Keep in mind that a handoff may be from person to person, from person to system, or from system to system. Three questions you should ask at this point are:
- Are items in the workflow being routed to the correct person or system at every stage in the workflow?
- Do work items arrive at the next step with all the information needed for completion?
- Does the person responsible for the work item at this stage have visibility, awareness, or control of the item upon arrival?
5. Establish automatic routing
Another benefit of using a workflow management platform is the ability to create rules which determine how an item is routed – or whether an item is routed at all if information is missing. This prevents confusion or delays in getting new work items or requests into the workflow. Notifications can also be triggered anytime a new item is added, changes status, or has remained in the same phase for too long.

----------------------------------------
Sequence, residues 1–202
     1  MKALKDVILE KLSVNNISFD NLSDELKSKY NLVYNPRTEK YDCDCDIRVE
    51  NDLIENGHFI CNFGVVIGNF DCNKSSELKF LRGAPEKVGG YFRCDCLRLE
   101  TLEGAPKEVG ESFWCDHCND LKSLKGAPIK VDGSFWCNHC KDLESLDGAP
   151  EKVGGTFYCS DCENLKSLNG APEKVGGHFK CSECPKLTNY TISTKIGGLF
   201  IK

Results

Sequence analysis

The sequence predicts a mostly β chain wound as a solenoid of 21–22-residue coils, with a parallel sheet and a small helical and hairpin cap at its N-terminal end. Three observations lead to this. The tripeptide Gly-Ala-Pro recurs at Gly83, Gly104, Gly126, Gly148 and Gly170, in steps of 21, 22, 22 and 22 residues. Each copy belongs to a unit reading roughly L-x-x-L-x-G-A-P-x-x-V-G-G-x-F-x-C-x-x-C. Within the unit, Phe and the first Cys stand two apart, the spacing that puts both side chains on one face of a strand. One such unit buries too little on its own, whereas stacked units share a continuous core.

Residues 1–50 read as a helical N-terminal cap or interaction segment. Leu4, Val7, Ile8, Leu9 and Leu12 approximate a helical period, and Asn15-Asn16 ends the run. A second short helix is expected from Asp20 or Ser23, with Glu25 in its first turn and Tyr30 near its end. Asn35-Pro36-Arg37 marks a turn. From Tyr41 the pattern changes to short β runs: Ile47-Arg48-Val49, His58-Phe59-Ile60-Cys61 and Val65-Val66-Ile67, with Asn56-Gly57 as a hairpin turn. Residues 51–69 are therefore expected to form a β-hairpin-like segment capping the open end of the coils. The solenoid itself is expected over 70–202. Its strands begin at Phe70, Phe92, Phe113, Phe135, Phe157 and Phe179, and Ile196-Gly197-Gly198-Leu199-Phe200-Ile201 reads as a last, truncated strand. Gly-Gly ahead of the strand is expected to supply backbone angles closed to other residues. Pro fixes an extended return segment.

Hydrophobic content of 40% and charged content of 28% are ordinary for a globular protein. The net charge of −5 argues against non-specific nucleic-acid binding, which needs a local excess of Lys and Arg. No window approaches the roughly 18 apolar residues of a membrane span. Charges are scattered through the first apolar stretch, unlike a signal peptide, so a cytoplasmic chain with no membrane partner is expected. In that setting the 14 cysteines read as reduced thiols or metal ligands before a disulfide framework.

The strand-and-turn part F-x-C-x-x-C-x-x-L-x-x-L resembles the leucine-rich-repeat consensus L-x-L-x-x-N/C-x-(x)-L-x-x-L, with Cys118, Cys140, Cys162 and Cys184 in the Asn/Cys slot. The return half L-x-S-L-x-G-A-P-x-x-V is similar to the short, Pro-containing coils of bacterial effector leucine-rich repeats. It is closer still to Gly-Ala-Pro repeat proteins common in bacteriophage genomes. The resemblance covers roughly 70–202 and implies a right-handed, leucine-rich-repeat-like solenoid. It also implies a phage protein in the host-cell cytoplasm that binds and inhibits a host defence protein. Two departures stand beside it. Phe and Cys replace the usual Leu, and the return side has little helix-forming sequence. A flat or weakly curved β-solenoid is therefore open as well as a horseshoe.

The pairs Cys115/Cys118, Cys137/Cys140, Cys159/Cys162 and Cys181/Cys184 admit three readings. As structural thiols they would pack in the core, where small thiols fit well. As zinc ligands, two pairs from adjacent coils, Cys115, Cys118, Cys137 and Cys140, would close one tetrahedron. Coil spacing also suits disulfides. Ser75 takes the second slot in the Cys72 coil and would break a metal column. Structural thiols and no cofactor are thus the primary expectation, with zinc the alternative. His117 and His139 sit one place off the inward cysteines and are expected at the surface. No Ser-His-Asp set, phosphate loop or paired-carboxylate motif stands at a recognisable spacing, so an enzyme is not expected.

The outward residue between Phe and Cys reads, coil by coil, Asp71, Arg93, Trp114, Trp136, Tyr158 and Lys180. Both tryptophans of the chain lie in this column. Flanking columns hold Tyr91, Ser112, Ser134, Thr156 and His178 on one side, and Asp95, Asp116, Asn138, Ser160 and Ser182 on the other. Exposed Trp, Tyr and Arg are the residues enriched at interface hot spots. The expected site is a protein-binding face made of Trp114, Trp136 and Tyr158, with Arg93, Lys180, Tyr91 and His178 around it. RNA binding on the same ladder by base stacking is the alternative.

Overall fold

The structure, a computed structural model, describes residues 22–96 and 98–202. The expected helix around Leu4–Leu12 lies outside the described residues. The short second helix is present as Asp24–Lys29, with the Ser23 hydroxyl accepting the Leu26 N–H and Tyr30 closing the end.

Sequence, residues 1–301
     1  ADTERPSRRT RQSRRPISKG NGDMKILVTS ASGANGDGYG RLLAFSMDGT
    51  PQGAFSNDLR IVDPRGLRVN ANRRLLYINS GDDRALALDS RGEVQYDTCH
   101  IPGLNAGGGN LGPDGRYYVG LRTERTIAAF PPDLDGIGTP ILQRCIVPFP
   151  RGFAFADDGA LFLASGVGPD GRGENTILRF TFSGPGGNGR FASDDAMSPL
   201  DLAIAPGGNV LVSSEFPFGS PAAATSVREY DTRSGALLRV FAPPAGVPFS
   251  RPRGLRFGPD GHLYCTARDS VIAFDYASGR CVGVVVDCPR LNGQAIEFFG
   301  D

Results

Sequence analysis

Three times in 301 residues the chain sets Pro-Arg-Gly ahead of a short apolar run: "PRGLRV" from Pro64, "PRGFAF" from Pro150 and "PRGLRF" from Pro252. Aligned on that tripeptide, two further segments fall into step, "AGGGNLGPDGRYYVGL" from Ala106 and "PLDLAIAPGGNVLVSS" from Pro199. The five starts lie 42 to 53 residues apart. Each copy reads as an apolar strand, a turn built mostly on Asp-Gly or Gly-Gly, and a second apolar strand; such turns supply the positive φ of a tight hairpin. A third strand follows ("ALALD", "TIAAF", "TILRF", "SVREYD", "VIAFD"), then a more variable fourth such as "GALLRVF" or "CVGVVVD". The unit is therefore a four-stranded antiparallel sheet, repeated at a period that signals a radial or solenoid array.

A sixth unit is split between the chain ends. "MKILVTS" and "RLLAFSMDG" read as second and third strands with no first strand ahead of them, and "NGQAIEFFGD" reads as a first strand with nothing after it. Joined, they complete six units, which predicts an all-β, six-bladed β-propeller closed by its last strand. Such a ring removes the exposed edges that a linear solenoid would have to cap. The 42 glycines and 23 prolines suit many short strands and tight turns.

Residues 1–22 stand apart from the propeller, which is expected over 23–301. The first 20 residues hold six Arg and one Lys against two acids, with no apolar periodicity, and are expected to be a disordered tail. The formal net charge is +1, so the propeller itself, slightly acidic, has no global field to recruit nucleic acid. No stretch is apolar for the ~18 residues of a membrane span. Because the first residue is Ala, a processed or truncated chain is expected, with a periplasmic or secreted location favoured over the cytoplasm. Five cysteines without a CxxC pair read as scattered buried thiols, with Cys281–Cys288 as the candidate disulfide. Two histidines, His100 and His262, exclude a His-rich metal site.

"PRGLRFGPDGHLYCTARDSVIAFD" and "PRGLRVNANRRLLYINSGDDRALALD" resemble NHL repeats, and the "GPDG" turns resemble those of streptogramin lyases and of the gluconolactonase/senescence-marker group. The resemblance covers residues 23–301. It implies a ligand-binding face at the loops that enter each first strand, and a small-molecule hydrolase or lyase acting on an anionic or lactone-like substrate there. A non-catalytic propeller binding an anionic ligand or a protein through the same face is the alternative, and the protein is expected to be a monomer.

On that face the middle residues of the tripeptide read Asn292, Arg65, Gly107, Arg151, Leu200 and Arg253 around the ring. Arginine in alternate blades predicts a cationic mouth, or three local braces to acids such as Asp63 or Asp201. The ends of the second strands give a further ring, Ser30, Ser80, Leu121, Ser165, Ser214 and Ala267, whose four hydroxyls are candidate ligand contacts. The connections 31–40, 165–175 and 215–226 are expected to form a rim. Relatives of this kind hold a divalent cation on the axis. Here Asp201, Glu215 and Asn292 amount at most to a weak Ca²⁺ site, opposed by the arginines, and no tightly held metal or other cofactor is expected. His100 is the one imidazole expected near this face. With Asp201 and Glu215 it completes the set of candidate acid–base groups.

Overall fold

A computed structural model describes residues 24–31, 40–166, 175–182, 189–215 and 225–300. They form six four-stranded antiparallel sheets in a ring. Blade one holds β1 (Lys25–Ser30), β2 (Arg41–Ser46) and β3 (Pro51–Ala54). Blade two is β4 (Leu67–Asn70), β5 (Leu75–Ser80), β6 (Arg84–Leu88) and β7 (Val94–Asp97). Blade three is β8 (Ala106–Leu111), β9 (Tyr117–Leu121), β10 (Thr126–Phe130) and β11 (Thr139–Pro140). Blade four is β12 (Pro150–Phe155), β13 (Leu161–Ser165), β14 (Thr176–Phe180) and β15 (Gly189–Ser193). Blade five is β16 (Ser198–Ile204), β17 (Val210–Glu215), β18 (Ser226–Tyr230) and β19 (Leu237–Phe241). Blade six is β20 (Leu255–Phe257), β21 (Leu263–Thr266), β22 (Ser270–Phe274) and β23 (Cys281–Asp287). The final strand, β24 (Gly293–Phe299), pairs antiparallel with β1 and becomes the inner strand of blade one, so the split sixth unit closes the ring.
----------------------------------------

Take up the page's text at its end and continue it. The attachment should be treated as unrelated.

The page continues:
6. Enforce data integrity
One of the most common workflow problems is that items in the flow lack all of the necessary information or contain inaccurate data. Problems with data consistency and accuracy can occur at any stage of the workflow, but they are most often found when items enter the workflow.
The primary reason workflow items enter the flow with missing and incomplete information is that new items or requests can enter the flow from a number of sources. For example, an HR department may receive employee requests from emails, SMS/chatbots, Slack, print or digital forms, or even verbally. This lack of organization can lead to confusion, delays, or missed requests.
To solve the data consistency problem, look at each entry point for new items or requests and determine where problems occur. By using a public form, teams can create a single point of entry for new requests or tickets, and implement rules that prevent incomplete items from entering.
7. Integrate apps and tools
Teams that want to maintain multiple channels for receiving requests should consider integrating existing apps with workflow management software. This adds an additional layer of control to ensure that data is complete and reliable. Integration also consolidates data from multiple sources to eliminate silos and improve visibility.